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The latest NZIER Quarterly Survey of Business Opinion (QSBO) showed that businesses across New Zealand are feeling more confident about the New Zealand economy, despite a sombre start to the year. A net 18% of firms expect the NZ economy to improve over the rest of 2016. Importantly, a net 19% of firms are feeling optimistic about their domestic trading activity (DTA), up from a net 6% in March. The DTA measure provides a good forward indicator of NZ’s GDP growth over the coming three to six months and suggests that the economy will be growing by 3% by the end of 2016, up slightly from the current pace of 2.8% over the year to March 2016. It is worth noting that these results were mostly taken before the Brexit vote results were known, although we don’t expect this to have a significant impact on local businesses in NZ as a whole.
While all business sectors surveyed were feeling more upbeat about their outlook (NZIER doesn’t explicitly survey agricultural firms), the construction sector was a clear standout. A net 36% of building firms expect to see an increase in new orders over the coming quarter, driven largely by domestic demand, compared with a historical average of -2%. Building firms also suggest that they are struggling to hire enough skilled workers to keep up with demand for building services.
One of the major drivers of economic growth over the past year has been from the service sector, and these companies are also feeling increasingly optimistic. A net 26% expecting to see the volume of services increase, reversing some initial concerns about slowing customer demand at the start of this year. Services firms are also expecting to see margins start to widen, with cost pressures remaining relatively subdued.
The fact that businesses in New Zealand are feeling more confident is a positive indicator of demand in the economy as a whole. It means companies are more likely to invest (which can positively impact other firms) and also more likely to hire additional staff (which can in turn boost consumption spending). The latest survey suggests a net 13% of companies anticipate hiring new staff in the next three months – which suggests employment growth in NZ should pick up from its current pace of 2% yoy. Outside of the dairy sector the outlook for New Zealand firms looks positive and signals that the NZ economy should continue to expand at a solid pace, giving businesses opportunities to grow.
Several weeks have passed by since UK voters surprised global financial markets and chose to leave the European Union (EU), and focus has switched to what the decision means for the global economy. While the shape of Britain’s future relationship with the EU remains unknown, it is difficult to forecast the full impact of Brexit for the UK, the EU and the global economy. The country’s Conservative Government has elected a new Prime Minister, Teresa May, who has appointed a new look Cabinet to meet the challenge of an orderly Brexit. Mrs May’s Government has yet to enact Article 50 of the Lisbon treaty – which sets out the process of withdrawal from the EU – and there are suggestions that Article 50 will not be triggered before the end of 2016.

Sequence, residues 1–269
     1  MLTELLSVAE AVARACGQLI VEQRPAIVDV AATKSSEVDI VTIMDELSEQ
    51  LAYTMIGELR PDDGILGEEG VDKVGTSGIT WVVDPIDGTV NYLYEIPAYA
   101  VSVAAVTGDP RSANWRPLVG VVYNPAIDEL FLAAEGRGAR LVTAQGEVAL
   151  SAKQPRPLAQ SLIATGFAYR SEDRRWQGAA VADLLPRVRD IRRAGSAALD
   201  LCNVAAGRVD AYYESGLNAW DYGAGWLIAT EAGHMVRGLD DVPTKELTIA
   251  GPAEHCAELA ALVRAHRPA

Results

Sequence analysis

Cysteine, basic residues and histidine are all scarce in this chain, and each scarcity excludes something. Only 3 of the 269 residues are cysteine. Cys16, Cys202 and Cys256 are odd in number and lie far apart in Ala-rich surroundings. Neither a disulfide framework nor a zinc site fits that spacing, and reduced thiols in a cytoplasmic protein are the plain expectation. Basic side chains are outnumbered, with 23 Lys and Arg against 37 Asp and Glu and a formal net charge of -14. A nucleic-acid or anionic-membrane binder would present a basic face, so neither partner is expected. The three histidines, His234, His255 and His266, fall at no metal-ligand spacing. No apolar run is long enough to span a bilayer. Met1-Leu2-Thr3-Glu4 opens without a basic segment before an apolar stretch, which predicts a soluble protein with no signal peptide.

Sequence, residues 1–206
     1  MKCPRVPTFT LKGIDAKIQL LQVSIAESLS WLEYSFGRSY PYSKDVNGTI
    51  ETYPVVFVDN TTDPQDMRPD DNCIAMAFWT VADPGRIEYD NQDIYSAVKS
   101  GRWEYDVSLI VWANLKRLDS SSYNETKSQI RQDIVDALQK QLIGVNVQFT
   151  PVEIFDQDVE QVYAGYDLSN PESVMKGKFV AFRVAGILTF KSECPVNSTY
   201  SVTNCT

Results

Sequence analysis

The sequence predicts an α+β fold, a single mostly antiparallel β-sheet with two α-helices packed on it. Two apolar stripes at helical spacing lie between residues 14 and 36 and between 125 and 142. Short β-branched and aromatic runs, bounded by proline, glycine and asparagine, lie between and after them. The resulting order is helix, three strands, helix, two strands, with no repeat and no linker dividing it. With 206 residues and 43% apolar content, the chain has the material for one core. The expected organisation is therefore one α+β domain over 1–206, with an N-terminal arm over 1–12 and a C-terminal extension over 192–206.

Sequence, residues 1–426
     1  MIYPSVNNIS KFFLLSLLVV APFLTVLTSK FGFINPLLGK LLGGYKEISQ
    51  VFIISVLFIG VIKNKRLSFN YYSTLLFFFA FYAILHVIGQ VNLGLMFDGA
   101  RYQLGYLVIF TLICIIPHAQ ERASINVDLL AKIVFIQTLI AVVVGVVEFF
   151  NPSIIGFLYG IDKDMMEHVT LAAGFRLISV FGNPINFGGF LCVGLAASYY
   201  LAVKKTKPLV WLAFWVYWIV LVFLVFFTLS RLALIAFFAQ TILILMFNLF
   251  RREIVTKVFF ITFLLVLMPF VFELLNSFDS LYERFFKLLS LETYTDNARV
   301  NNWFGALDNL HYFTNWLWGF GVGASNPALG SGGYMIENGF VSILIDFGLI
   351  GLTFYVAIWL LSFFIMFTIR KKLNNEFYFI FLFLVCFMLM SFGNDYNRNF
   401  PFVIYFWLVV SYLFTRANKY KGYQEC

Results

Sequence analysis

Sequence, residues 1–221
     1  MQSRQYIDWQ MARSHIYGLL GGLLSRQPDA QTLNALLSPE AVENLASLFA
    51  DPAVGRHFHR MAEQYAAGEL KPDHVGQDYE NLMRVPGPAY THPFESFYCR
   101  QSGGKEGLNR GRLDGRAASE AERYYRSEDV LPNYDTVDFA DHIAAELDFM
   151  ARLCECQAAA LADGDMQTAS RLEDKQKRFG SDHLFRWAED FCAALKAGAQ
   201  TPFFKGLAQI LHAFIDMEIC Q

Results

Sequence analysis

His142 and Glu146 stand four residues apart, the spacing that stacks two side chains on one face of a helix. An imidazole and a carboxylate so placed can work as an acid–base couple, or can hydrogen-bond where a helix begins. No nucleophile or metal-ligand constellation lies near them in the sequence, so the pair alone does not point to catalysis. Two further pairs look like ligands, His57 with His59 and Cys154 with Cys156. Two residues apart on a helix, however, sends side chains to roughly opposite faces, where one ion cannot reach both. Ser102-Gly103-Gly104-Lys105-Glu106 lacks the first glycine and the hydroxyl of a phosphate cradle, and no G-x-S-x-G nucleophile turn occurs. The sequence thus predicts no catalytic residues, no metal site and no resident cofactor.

In the meantime, we have started to see the first signs of the fallout from the decision on the UK economy. Fortunately, for now, the fallout seems isolated to the UK. Forward indicators for the UK services industry suggest that the sector slowed sharply in July, with the Markit services Purchasing Managers Index (PMI) declining to 47.4 from 52.3 pre-Brexit (a PMI reading below 50 indicates that activity in the sector is contracting). On the other hand, the same measure from the UK’s largest trading partner, the EU, managed to hold up above 50 in July. Almost all forecasters are expecting the UK economy to enter a period of economic slowdown, with the risk that the UK will enter a technical recession (i.e. at least two quarters of contracting GDP) in the coming year if investment and business confidence remain low.
Of interest for businesses here is what does a UK slowdown imply for the global economy and New Zealand? Fortunately the UK’s direct influence on the global economy, and New Zealand, is limited. Britain accounts for less than 4% of global GDP, and for New Zealand the UK makes up only around 5% of New Zealand’s total exports (and only 3% of NZ’s merchandise exports). However, the financial market volatility and the precedent that Brexit sets for other countries looking to leave the EU are the more immediate concerns. The vote has raised the serious question of who could be the next country to leave the union – frontrunners include France and Greece. A wider breakdown in the EU could cause greater problems over the medium-term.
Despite the risks, Brexit does create future opportunities for New Zealand. The UK is a large net importer of food in order to feed its growing population of 64 million, and NZ is well placed to assist in this regard. If future trade arrangements with the EU come attached with restrictions (e.g. tariffs and quotas) then the UK is likely to seek out other trading opportunities. In recent weeks the UK has held trade talks with India, and it is likely that similar talks will occur with other traditional trading partners, such as New Zealand, in the coming years.
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